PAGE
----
Seriously though, has there been a more inconsistent used-to-be-relevant game developer in recent memory?  These guys had their own fucking console for a while and now they can’t even get Bomberman right.  If it wasn’t for the fact that the Mario Party games somehow sold seven hundred billion copies it’s hard to imagine they’d still exist.


3d_tic-tac-toe.png picture by bigredcoat
3D Tic Tac Toe! (Atari 2600)

A barely justifiable digital version of a game that works perfectly well without any transistors whatsoever.  I hate to admit that I actually owned this thing, but for the life of me I don’t understand what my reasoning was behind begging my mom to buy it.  What’s even weirder was that I didn’t own my 2600 until well after the Crash and while my friends were all happily playing NES games– for whatever twisted reason I chose to spend time and my parent’s money with this instead of Castlevania.  The 80’s were a deeply confusing time for everyone involved.

Shin Megami Tensei: Strange Journey
Publisher:  Atlus
Developer:  Atlus/Lancarse
Platforms:  Nintendo DS
All the previews for Strange Journey seem incredibly positive, and well they should– it reads a lot like a combination of Etrain Odyssey and the dungeon-exploring bits of Shen Megami/Persona games minus the all the annoying RPG bits.
Of course this also means you’re playing a SMT game sans improbably leggy Japanese schoolgirls, but the ESRB had to give in an “M” for some good reason, so I’m holding out hope something fucked up happens later on.
AD&D:  TREASURE OF TARMIN!  (Intellivision)
Finding a pre-Crash console 3d dungeon romp proved difficult, as pre-Crash consoles had no business playing RPGs or 3d games.  I badly wanted to  put Xanadu here both for its fantastic early 80’s anime box art and the fact that it was actually Japanese, but it came in a year after the Crash itself… Oh, what the hell.
SAKURA WARS:  SO LONG MY LOVE somehow combines Annie Oakley, Anime, 1920’s Manhattan and Giant Robots.  GAME OF THE FOREVER.

DEAD OR ALIVE PARADISE is easily the skeeviest, most embarrassing game released… in at least three weeks.  Seriously, it’s softcore porn.
GRAND THEFT AUTO IV:  EPISODES FROM LIBERTY CITY will challenge you with full frontal male nudity; Microsoft’s fundamental understanding of the term “exclusive content”

Posted in Retro Wankery, Wallet Abuse | 1 Comment »

Bad Controllers– The Xbox 360 D-Pad

Posted by nfinit on March 22, 2010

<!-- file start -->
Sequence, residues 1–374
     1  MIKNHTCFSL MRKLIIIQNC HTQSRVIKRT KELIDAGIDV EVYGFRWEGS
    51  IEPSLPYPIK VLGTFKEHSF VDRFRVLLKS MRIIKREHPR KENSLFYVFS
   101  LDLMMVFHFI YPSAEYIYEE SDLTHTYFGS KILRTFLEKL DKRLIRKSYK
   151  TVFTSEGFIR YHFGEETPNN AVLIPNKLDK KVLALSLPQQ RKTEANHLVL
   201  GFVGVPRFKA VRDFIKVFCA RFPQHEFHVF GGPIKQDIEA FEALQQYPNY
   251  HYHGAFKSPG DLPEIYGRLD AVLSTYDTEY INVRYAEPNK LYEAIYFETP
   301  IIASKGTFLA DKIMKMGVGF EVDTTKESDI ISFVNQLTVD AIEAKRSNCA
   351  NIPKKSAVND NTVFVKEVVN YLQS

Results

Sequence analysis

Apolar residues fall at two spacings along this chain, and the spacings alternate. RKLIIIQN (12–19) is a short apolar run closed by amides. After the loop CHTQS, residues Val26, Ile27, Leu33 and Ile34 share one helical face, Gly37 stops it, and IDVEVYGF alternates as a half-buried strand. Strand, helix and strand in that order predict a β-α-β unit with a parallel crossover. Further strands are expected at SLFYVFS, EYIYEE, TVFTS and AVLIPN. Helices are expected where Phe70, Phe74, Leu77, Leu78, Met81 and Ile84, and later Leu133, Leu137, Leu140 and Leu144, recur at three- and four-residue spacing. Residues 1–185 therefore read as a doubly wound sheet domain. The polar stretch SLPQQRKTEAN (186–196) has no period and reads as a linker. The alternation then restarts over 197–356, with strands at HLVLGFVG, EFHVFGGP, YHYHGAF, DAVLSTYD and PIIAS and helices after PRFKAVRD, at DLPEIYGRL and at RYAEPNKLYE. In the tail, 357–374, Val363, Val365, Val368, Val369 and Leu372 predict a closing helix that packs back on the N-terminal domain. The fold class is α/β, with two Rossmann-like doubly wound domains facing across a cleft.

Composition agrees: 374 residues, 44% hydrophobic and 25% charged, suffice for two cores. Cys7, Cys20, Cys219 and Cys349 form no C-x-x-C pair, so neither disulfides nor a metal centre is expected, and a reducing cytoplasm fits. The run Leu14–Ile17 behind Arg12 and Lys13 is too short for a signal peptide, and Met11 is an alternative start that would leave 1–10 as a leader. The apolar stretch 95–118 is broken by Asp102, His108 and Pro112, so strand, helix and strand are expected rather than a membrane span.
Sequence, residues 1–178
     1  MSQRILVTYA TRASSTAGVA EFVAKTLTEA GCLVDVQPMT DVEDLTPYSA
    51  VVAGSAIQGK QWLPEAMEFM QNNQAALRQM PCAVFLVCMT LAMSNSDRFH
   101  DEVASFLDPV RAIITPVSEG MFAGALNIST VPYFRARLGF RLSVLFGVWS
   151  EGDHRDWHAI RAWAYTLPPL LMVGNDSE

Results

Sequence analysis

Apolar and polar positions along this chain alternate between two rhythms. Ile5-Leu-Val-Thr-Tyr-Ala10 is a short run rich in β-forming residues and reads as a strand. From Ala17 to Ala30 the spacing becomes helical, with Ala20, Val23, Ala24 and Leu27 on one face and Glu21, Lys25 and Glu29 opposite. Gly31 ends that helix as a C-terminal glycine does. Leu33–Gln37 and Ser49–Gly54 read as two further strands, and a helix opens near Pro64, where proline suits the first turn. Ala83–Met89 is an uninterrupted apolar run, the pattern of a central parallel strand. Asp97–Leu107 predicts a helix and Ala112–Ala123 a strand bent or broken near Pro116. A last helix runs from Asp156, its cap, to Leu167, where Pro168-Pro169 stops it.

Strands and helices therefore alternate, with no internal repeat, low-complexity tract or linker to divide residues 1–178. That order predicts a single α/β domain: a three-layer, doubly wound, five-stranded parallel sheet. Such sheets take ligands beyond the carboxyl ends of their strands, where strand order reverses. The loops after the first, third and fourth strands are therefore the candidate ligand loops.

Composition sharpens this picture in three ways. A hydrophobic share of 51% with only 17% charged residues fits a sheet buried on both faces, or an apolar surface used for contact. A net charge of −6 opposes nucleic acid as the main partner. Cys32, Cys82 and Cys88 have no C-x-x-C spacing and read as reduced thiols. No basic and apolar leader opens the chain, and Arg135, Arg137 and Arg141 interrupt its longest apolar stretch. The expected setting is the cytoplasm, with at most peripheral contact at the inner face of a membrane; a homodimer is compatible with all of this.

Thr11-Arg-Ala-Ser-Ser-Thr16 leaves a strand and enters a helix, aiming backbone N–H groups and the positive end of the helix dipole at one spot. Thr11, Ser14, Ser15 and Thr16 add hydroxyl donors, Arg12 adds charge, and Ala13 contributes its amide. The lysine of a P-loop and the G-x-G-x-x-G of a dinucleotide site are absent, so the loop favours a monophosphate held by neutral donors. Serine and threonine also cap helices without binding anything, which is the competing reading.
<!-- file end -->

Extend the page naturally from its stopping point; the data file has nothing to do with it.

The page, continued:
In a lot of ways this is the absolute best time to be a console gamer.

I don’t mean that simply in the the games constantly improve upon themselves.  I mean that in this era of console gaming we have access to a wealth of classic console gaming experiences from the past.  Whether it be via compilation disc or services like Virtual Console and Xbox Live Arcade, every system on the market today is a retro gaming jukebox, with over three decades worth of content accessible beneath a gamer’s thumb.

Microsoft is set to take this retro jukebox concept even further with the introduction of Xbox Live Game Room, where the Xbox 360 can expect to receive over a thousand classic titles, seven games per week until Microsoft runs out of games the 360 is capable of legally emulating. This idea looks to best even Nintendo’s Virtual Console experiment, provided you’re comfortable with the fact that Xbox Live Game Room will see a disproportionate amount of American-developed arcade and pre-Crash console titles.

Of course none of this is a comprehensive as a MAME client, but that’s not the point.  The point is that at some point the Xbox 360 is going to become the retro gaming console of choice, if it is isn’t there already– and every retro game on the system, from Bionic Commando ReArmed to Mega Man 10 to Combat and quasi-retro stuff like Metal Slug XX will be expected to control using this goddamed thing
XBOX360_Gamepad__49afb8761276f-1.jpg picture by bigredcoat

Now, I’m going to start with a rather obvious caveat:  For the purpose of playing modern 3d action games, such as Gears of War clones, first person shooters and racing games, the Xbox 360 gamepad is quite good, if not the finest pad ever created.  It takes the best elements of the Dual Shock, Dreamcast gamepad and Xbox  Controller-S and puts them together in one usable, ergonomic package.  But for the specific purpose of playing 2d games– stuff that depends on pixel-perfect spit-second digital control– the 360 pad is not just the hands-down worst gamepad of this console generation, it is perhaps one of the worst gamepads ever conceived, and its entirely because of this:
xbox-360-controller-2-2.jpg picture by bigredcoat